Rosacea Review - Newsletter of the National Rosacea SocietyRosacea Review - Newsletter of the National Rosacea Society

Special Care, New Technology Aid Ocular Rosacea

Special care may be needed for rosacea patients with severe forms of ocular rosacea, according to Dr. Sandra Cremers, instructor of ophthalmology at Harvard Medical School. As part of a National Rosacea Society (NRS) research grant, she recently developed a scoring system to identify severe cases of this rosacea subtype, which may affect half of all rosacea patients.

The new questionnaire, called the Severity Criteria of Ocular Rosacea (SCOR), includes more than 25 signs and symptoms of ocular rosacea observed by both physician and patient, including eye dryness, tearing and burning; history of styes; inflammation; and potentially vision-threatening corneal involvement. The system was presented in a poster at the recent annual meeting of the American Academy of Ophthalmology.

Although ocular rosacea is often very mild, in an NRS survey of 1,780 rosacea patients reporting ocular symptoms, only 27 percent said they had been diagnosed with the condition, possibly indicating underdiagnosis.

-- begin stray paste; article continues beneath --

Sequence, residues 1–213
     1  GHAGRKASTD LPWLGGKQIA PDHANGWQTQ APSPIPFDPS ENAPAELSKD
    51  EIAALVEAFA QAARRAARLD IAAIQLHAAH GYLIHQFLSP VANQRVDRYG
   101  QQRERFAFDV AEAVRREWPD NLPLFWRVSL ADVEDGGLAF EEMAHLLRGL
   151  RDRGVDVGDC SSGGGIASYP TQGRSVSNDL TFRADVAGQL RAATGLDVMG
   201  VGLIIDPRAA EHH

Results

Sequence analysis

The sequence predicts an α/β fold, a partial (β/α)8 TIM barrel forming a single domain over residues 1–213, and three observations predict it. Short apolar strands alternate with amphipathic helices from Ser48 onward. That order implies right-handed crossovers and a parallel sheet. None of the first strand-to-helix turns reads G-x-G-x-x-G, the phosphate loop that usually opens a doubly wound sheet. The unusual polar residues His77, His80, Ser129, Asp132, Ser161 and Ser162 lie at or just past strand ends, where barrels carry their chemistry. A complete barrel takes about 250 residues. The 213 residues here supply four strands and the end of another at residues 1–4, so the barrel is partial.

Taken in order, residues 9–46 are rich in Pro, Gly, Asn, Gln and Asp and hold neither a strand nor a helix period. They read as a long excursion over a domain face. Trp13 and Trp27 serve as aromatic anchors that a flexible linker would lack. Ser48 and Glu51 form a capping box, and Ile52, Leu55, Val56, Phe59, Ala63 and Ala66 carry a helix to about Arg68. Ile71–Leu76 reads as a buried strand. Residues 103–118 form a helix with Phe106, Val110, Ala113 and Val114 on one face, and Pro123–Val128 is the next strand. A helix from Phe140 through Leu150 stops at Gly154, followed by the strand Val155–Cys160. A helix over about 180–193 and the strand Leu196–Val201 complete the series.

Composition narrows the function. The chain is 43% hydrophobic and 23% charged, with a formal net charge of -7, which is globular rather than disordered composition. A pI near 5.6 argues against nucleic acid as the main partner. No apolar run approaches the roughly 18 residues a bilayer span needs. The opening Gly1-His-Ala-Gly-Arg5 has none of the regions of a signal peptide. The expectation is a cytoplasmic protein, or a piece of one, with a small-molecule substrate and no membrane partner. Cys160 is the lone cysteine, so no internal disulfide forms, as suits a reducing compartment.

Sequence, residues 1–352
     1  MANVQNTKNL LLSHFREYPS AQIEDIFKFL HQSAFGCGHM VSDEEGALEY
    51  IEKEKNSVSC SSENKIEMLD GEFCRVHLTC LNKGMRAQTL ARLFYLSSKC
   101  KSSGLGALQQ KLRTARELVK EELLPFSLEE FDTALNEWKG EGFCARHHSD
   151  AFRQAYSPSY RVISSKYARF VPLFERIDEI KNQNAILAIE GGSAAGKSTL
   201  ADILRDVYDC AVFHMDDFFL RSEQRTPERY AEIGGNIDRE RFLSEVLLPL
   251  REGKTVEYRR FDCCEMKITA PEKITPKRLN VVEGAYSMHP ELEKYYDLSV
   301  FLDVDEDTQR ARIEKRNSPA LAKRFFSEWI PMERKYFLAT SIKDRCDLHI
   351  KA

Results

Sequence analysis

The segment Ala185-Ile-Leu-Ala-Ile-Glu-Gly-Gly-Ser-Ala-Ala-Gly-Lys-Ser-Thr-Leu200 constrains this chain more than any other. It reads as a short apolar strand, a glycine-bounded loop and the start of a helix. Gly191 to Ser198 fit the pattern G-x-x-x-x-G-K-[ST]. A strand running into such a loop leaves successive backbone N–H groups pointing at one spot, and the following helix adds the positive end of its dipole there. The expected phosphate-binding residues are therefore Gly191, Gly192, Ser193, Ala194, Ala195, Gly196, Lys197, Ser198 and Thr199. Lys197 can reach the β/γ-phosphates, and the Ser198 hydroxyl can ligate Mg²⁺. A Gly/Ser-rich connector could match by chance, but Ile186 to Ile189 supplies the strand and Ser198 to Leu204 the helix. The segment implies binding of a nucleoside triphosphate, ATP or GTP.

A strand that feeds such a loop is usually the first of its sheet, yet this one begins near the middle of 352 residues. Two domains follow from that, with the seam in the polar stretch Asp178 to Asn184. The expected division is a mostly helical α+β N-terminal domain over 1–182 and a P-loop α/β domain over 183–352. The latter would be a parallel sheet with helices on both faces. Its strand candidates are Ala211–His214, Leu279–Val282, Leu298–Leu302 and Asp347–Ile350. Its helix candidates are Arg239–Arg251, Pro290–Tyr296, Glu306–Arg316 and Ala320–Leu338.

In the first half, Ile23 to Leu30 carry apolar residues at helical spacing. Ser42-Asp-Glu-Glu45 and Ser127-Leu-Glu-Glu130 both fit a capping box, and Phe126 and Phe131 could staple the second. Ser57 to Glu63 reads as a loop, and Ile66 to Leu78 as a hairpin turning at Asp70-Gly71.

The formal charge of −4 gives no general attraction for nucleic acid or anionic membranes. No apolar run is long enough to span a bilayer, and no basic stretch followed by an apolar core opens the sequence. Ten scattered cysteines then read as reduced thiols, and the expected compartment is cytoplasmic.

Left untreated, patients with severe ocular rosacea could endure potentially serious consequences, such as scarring within the eyelid or corneal damage that could lead to decreased vision.

Dr. Cremers noted that for mild symptoms such as dry eye, a humidifier or other means to raise the humidity at home or in work environments as well as artificial tears may be appropriate.

In addition, washing the eyelashes daily with diluted baby shampoo on a warm wet washcloth may help keep the tear glands clear and unblocked. A hot compress can be placed on the eye for five minutes before the diluted baby shampoo is used to gently clean the eyelid margins. Then the face may be rinsed with closed eyes until the eyelashes feel clean and towel-dried. An eye doctor may also prescribe a cream for the lashes, Dr. Cremers said.

The researchers are now using the SCOR questionnaire to identify patients with severe ocular rosacea to evaluate the role of angiogenesis, which is the formation of new blood vessels in the disorder. Dr. Cremers noted that while new blood vessel growth is important for normal development and wound healing, this process is also implicated in some diseases.

Also, rosacea triggers such as sunlight have been linked to an increase in substances that may cause angiogenesis or inflammation, such as vascular endothelial growth factor (VEGF). Dr. Cremers and her group are currently investigating whether samples from severe cases of ocular rosacea contain any of these natural substances.